Maybe the more obvious pick for a look at The Flash would have been its pilot, or the two with Mark Hamill as the Trickster, or the two with Jason Bernard as Nightshade, the retired hero from the 1950s, but I’ve always enjoyed Gail Morgan Hickman’s “Captain Cold” more than all the other episodes. It guest starred Michael Champion, who was always playing toughs and cops on television in the 1980s and 1990s, as the supervillain, and I correctly guessed that the mix of dopey puns about snow and ice and the sense of “how will the Flash win” menace would keep our favorite eight year-old critic amused. Naturally, he enjoyed the climax the most. There’s nothing like seeing the villain hoist on his own petard when you’re a kid, is there?

On the other hand, this took such a long time to get moving. The Flash – and Lois & Clark, to a large degree – came from that time when television executives seemed terrified to throw too many wild ideas at the screen for fear of whether the audience could swallow them. At one point, they spend nearly a minute discussing how the hitman might have come into possession of a gun that does what it does. Were there really any viewers in their fifties and sixties watching this who needed to have “he has a freeze ray” spoonfed to them like this? And yet I remember reading a critique of the series once that wondered whether casual viewers could have understood a character as outre as Nightshade, as though “he was a superhero, he got old, he retired” was some kind of radical concept.

Anyway, our son certainly squirmed as the character development was limited exclusively to another guest star, wondering why he’s supposed to be caring about the journalistic ethics of somebody he’ll never see again when there’s perfectly good super speed and freeze ray stuff to be seen. But the problem with The Flash, both then and now, is that they have an hour of TV to fill and this guy’s scraps tend to be finished in seconds. I liked the show’s supporting cast, and its crazy timelost design, with art deco buildings and Tamara de Lempicka prints in everybody’s apartment, but I honestly prefer the modern TV incarnation, where there is so much more going on every week, and where members of the huge regular cast develop instead of one-off characters.

On the other hand, Grant Gustin’s Flash is known for making catastrophically bad, universe-threateningly poor decisions several times a season. John Wesley Shipp’s Flash may have run out of steam getting from one side of town to the other and back in sixty seconds, but he was no dummy. It’s nice to see a superhero with as much common sense as this Barry Allen.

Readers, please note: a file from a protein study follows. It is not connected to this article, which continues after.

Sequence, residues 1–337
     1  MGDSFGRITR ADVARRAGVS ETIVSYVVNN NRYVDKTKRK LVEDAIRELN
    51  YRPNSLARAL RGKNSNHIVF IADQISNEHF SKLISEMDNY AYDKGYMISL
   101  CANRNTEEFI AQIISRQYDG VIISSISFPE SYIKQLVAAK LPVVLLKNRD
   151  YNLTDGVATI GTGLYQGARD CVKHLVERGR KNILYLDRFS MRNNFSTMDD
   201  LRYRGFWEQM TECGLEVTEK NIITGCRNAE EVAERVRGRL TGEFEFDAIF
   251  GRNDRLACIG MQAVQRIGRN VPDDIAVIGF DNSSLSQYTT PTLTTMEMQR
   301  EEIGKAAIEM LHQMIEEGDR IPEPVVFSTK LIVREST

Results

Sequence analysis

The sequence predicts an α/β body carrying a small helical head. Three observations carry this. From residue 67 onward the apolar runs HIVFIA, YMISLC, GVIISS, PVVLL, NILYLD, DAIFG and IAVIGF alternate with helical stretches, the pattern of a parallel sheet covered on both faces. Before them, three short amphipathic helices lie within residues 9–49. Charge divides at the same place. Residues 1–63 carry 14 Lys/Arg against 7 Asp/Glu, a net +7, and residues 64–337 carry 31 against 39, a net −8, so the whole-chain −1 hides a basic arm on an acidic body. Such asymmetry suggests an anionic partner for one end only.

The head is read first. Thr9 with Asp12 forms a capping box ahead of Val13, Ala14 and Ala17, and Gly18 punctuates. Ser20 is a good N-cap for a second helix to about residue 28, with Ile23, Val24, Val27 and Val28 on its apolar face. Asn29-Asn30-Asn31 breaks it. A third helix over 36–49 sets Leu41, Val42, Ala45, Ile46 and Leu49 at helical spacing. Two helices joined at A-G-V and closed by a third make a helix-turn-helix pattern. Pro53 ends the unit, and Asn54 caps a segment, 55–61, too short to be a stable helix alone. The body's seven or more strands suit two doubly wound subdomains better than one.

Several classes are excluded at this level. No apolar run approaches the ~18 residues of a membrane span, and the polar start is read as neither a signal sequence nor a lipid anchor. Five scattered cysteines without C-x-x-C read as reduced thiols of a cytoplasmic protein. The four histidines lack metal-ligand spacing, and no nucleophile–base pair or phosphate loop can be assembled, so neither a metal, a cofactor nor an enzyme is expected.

Eerie, Indiana 1.4 – The Losers

I have to say… as wonderful as it is to have this fun show on DVD, I’m less than thrilled by the quality of the prints they used. I remember the series being much more vibrant and colorful when it was shown, and the prints, at least the ones of episodes three and four, have been cut by about thirty seconds. They lack the “Elvis / Bigfoot / man’s best friend” spoken section of the title sequence*. Perhaps these were copies prepared for syndication? Hopefully if some company ever decides to reissue this on Blu-ray, they can find the original masters and work from those.

Anyway, our son cheered when we told him we were watching another episode tonight. He really enjoys the young protagonists, but he simply sums it up by saying “It’s just so weird!” Joe Dante was back to direct episode four, and he brought along a pair of fabulous character actors: Henry Gibson and Dick Miller. Astonishingly, we’ve been doing this blog almost daily for close to four years and I don’t think that we’ve run into Miller before.

Gibson and Miller play employees of a top-secret government project called the Bureau of the Lost. They’re out to keep the economy stimulated by making sure people keep having to buy replacements for the things they misplace. But the hapless citizens of Eerie aren’t actually misplacing anything; Miller’s just creeping around swiping socks, lug nuts, pen caps, random pages from the phone book, and so on. The Tellers get selected for a run of bad luck, and Marshall’s dad’s briefcase vanishes. Dad’s in a state because it contains the formula for a petroleum-based banana flavoring, and Mom’s furious because he’s forgotten that it was an anniversary present.

Marshall and Simon’s scheme to deliberately lose something and see what happens leads them to Eerie’s bike gang, a laundromat stocked with the old Warren Eerie comic, and to the goofy bureau itself, where the word “found” causes Gibson’s character to get antsy. It reminded me of one of the lands from The Phantom Tollbooth! Our young heroes don’t quite save the day, the economy keeps ticking, and now we’ve got a very good explanation for the next time our son loses an important brick from a Lego set. Everyone wins!

*I might have got ahead of myself… the title sequence wasn’t quite formalized this early in the show, and later episodes on the set have the full version.